The role of miR-27a and miR-451 on the modulation of Pgp has been reported in several papers with conflicting results.73–77 Some studies indicated that these two miRNAs were down-regulated in resistant cancer cells and were negative regulators of Pgp.73–75 Kocalchuk et al. reported that miR-451 was a negative regulator of Pgp. Doxorubicin resistant cells could be sensitized by the transfection of miR-451.73 Similarly, Feng et al. reported that miR-27a and miR-331-5p were down-regulated in leukemia cell lines. Their down-regulation was associated with Pgp overexpression in these cells.74 Chen et al. also reported that miR-27a was down-regulated in resistant hepatocellular carcinoma cells.75 In contrast, several other studies showed that both miR-27a and miR-451 were overexpressed in resistant cells and caused the overexpression of Pgp.76,77 Zhu et al. showed that both miR-451 and miR-27a were up-regulated in MDR cancer cell lines, such as A2780DX5 and KB-V1. The overexpression of these two miRNAs resulted in a high level of Pgp.76 Li et al. also showed that both miR-27a and Pgp were up-regulated in drug resistant ovarian cancer cells.77 These studies were carried out on different cell lines, indicating the importance of cellular context for miRNA functions. It is worthwhile to further investigate the role of miR-451 and miR-27a in regulating Pgp expression and their effects on drug resistance.
BCRP/ABCG2 is negatively regulated by miR-328 and miR-519.78,79 Overexpression of miR-328 could down-regulate BCRP in breast cancer cells and thus increase their sensitivity to mitoxantrone.78 However, the expression of BCRP is significantly up-regulated when the miRNA binding site at the 3′-UTR of BCRP mRNA is missing.80
MRP1/ABCC1 is up-regulated in VP-16-resistant breast cancer cells (MCF-7/VP).81 MRP-1 is negatively regulated by miR-326. The down-regulation of miR-326 has been observed in resistant cancer cells with MRP-1 overexpression. MRP4/ABCC4 is another drug efflux transporter that is negatively regulated by miR-124a and miR-506.82
Epithelial–mesenchymal transition (EMT) is a process in which epithelial cells assume a mesenchymal phenotype. During the EMT process, cells demonstrate elongated fibroblast morphology. Cell adhesions between epithelial cells are lost. Actin cytoskeleton is reorganized. Epithelial markers (e.g., E-cadherin) are down-regulated, while mesenchymal markers and matrix metalloproteinases (MMPs) are up-regulated. The EMT process is regulated by multiple transcription factors including N-cadherin, Snail, zinc-finger E-box binding homeo-box 1 (ZEB1), ZEB2, and Slug. EMT process is activated in the initiation of cancer metastasis and during the development of chemoresistance.83–88 EMT is associated with the resistance of several different cancers including gemcitabine-resistant pancreatic cancers,89 lapatinib-resistant gastric cancers,90 and taxol-resistant ovarian cancers.91,92 Emerging evidence suggests that miRNAs play critical roles in the regulation of EMT process (Table 3).93–96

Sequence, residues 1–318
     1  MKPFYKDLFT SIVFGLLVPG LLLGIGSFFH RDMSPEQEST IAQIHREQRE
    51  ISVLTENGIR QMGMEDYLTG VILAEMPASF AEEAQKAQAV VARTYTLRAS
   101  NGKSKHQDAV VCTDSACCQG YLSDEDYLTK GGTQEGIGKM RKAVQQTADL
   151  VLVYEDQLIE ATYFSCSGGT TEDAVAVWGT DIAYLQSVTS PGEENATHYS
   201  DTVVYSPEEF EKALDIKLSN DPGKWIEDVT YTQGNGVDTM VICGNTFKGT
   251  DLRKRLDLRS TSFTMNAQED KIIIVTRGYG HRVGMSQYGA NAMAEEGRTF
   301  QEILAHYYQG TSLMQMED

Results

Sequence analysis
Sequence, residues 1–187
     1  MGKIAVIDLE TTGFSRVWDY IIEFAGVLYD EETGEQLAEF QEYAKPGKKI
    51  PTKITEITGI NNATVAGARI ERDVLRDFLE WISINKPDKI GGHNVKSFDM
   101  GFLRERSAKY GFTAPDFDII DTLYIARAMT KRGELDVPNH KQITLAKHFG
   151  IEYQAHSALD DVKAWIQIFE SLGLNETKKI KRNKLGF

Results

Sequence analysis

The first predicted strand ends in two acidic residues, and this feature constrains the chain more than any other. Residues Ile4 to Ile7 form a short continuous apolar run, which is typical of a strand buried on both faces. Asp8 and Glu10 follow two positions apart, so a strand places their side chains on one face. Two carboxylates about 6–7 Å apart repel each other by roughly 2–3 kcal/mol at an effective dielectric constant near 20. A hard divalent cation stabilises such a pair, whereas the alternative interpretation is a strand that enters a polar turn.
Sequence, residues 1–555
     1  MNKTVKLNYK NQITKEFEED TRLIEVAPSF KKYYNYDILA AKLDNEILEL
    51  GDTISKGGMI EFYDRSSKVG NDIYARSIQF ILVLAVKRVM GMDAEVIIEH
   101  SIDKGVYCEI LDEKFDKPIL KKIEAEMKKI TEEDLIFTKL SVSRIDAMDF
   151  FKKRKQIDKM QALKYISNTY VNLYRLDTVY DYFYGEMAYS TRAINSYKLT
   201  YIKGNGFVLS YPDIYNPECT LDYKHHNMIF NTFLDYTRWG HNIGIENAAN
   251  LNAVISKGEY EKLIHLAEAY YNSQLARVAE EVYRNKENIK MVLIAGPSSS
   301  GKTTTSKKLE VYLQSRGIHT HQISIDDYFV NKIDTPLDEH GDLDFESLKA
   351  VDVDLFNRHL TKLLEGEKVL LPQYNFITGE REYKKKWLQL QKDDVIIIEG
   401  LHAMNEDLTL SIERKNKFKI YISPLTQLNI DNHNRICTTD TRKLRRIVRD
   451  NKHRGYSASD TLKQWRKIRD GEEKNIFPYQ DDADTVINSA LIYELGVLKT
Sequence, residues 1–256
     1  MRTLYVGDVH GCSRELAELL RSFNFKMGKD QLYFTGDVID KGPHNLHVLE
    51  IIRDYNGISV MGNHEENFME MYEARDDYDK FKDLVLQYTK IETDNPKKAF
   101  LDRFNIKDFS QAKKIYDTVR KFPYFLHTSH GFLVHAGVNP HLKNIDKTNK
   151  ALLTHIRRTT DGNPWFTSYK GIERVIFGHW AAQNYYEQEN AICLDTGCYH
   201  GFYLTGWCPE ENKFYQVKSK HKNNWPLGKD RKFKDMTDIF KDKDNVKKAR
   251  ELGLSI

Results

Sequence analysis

The following miRNAs are down-regulated in prostate cancers and are associated with the EMT process: miR-143,97 miR-145,97,98 miR-29b,99 miR-34b,100 miR-200 family,101–103 miR-205,101 miR-203,104 and miR-23b/27b.105 The down-regulation of these miRNAs results in high levels of mesenchymal markers and low levels of epithelial markers, which can promote EMT process and increase the aggressiveness of prostate cancers. For example, the down-regulation of miR-143 and miR-145 has contributed to the bone metastasis of prostate cancers.97 These miRNAs regulate EMT through the modulation of their targets. miR-145 suppresses EMT through the inhibition of its direct target HEF1.98 miR-29b increases E-cadherin expression, while reducing N-cadherin, Twist, and Snail expression.99 miR-34b inhibits EMT by reducing mesenchymal markers including vimentin, ZO1, N-cadherin, and Snail, while increasing epithelial markers such as E-cadherin.100 The levels of miR-200C and miR-205 are reduced in docetaxel-resistant prostate cancer cells. These cells are undergoing EMT with decreased E-cadherin and increased mesenchymal markers. Restoration of miR-200C and miR-205 through transfection can result in the re-expression of E-cadherin.101 miR-1, miR-200, and Slug form a regulatory loop. Slug is a direct repressor of these two miRNAs.106 The targets for miR-200 family include ZEB1 and ZEB2. Overexpression of miR-200 reverses EMT in PC3 PDGF-D cells through the down-regulation of ZEB1, ZEB2, and Snail.103 The treatment with erismodegib (a smoothened inhibitor) could regulate miR-200 and reverse EMT through the inhibition of transcription factors such as Snail, Slug, and ZEB1.102 miR-203 reduces cancer cell invasion and metastasis through the inhibition of Wnt signaling pathway.104 miR-23b/27b cluster is down-regulated in metastatic, castration-resistant cancer. They could inhibit Ras-related C3 botulinum toxin substrate 1 (Rac1) activity and increase the level of E-cadherin. The ectopic expression of miR-23B/27B could suppress metastasis of castration-resistant prostate cancers.105